Friday, February 15, 2013
Dr. Charles E. Terry on the Aftermath of the Harrison Narcotic Act
"At this stage the truth of my opening sentence is apparent, for while I recognized the medical and public health angles of the problem, I still felt that rigid laws offered great promise. I felt with others that national law which would control interstate traffic in these drugs would solve the greatest part of the difficulties confronting us. It must be home in mind that at this period only a few states had restrictive laws that were not openly broken on every side and for the most part the formality of a physician's prescription was rarely observed by druggists in dispensing any of the addiction or habit forming drugs'. Effectual restrictive legislation had never been tried and it was perhaps not unnatural to suppose that with the well-known sources of supply curbed, the use of these drugs would be very materially if not entirely prevented. It is obvious, however, that we had counted without the peddler. We had not realized that the moment restrictive legislation made these drugs difficult to secure legitimately the drugs would also be made profitable to illicit traffickers.
"I had had practically no experience with this fraternity for a reason which I now understand well, namely because we furnished in the health office free prescriptions for those unable to pay for them, nor did we try to dictate to them the quantities they should take or for that Matter humiliate or persecute them in any other way. As a consequence the peddler could not make a living in our town, though he had begun to flourish in Massachusetts and New York.
"Feeling as I did about the need for further restrictive legislation, I looked forward to the Passage of the Harrison Act, and during the months immediately preceding its beginning operation in May 1915 we tried to prepare our indigent cases for the drug deprivation which we believed was in store for them. They were urged to reduce their daily amount to the lowest possible limit, and they earnestly cooperated, and looked forward as did we to the time when they would be cured. Meanwhile, a fund was raised by private subscription and hospital and nursing facilities provided for about 20 beds. These beds were filled and refilled until between 65 and 75 patients had been treated. This is one of the experiences in my attempts to work out this problem which I do not like to recall. A local physician kindly volunteered to treat these cases. Although not practicing I visited them daily, and the nursing attention they received was of the highest order. The method of treatment employed was that known as the Towns treatment [rapid withdrawal plus administration of a belladonna mixture]. We felt, as do most when contemplating drug addiction treatment, that a certain amount of suffering was necessary, but I was not prepared for the extreme suffering which I witnessed in these cases, nor was I prepared for one death which occurred in an apparently healthy woman. With the exception of 2 or 3, all of these cases relapsed within a very short time after their discharge as cured, and I realized more than ever that here was indeed a medical problem and I began to harbor my first doubts as to the wisdom of blind restrictive legislation. And by this I mean legislation based upon habit and vice theories of drug addiction and upon the assumption that satisfactory methods of treatment are generally available.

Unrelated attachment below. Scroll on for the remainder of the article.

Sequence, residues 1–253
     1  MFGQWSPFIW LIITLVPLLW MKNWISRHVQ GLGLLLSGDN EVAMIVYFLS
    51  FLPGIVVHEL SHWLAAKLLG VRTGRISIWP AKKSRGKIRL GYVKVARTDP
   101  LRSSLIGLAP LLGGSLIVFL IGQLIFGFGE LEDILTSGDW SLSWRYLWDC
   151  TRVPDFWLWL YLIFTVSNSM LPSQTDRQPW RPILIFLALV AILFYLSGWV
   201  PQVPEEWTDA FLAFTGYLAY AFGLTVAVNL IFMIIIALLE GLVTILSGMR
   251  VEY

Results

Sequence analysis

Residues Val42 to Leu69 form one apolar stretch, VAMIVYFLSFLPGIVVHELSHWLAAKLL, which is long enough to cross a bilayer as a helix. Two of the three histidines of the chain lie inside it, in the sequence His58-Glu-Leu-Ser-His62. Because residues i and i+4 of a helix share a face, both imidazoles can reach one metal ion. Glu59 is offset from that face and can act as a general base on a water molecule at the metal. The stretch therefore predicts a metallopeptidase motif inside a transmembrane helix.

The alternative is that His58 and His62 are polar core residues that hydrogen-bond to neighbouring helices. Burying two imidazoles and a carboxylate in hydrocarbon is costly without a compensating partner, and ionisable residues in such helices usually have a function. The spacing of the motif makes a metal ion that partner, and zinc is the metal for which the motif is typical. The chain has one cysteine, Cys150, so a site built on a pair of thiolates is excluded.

"That my experience was not unique was determined by the committee on habit forming drugs of the American Public Health Association, through a questionnaire submitted to the medical schools of the country.
It would seem unnecessary to state that the narcotic drug addict must be supplied with his drug in doses physically necessary until such time as he may receive treatment which will leave him in at least as good condition as that in which it found him. That to supply this drug is not only necessary, but is vital, that to deny it is to cause a physical and possibly a moral wreck, while to heap contumely upon narcotic drug addicts as a whole is to drive them to the underworld for their supply, It never must be lost sight of that among the sufferers from this disease are numbered many of the highest intellectual types of men and women in the business and professional worlds, and that individuals of this type May not contemplate the indignities which many administrators seek to heap upon them, through their ignorance of the true nature of this condition and their apparent misconception of the character of its victims."
-Dr. Charles E. Terry, who had been working with addicts in Jacksonville, Florida, from 1911 until the Harrison Act went into effect in 1915
Quoted from "the Addict and the Law" by Alfred Lindesmith [Bold added -Ed]
I am compiling a list of fatalities resulting from opiate detoxification for a future post. This is one of the earliest records I have been able to uncover that refutes the notion that nobody dies from opiate withdrawal. While the evidence in this particular case isn't overwhelming, as the patient may have died as a result of the belladonna mixture, there are other cases in which people have died from going "cold turkey" (usually while incarcerated). If anyone has evidence of other cases of people dying from an opiate (opioid) withdrawal please send me an email or leave a link in the comments.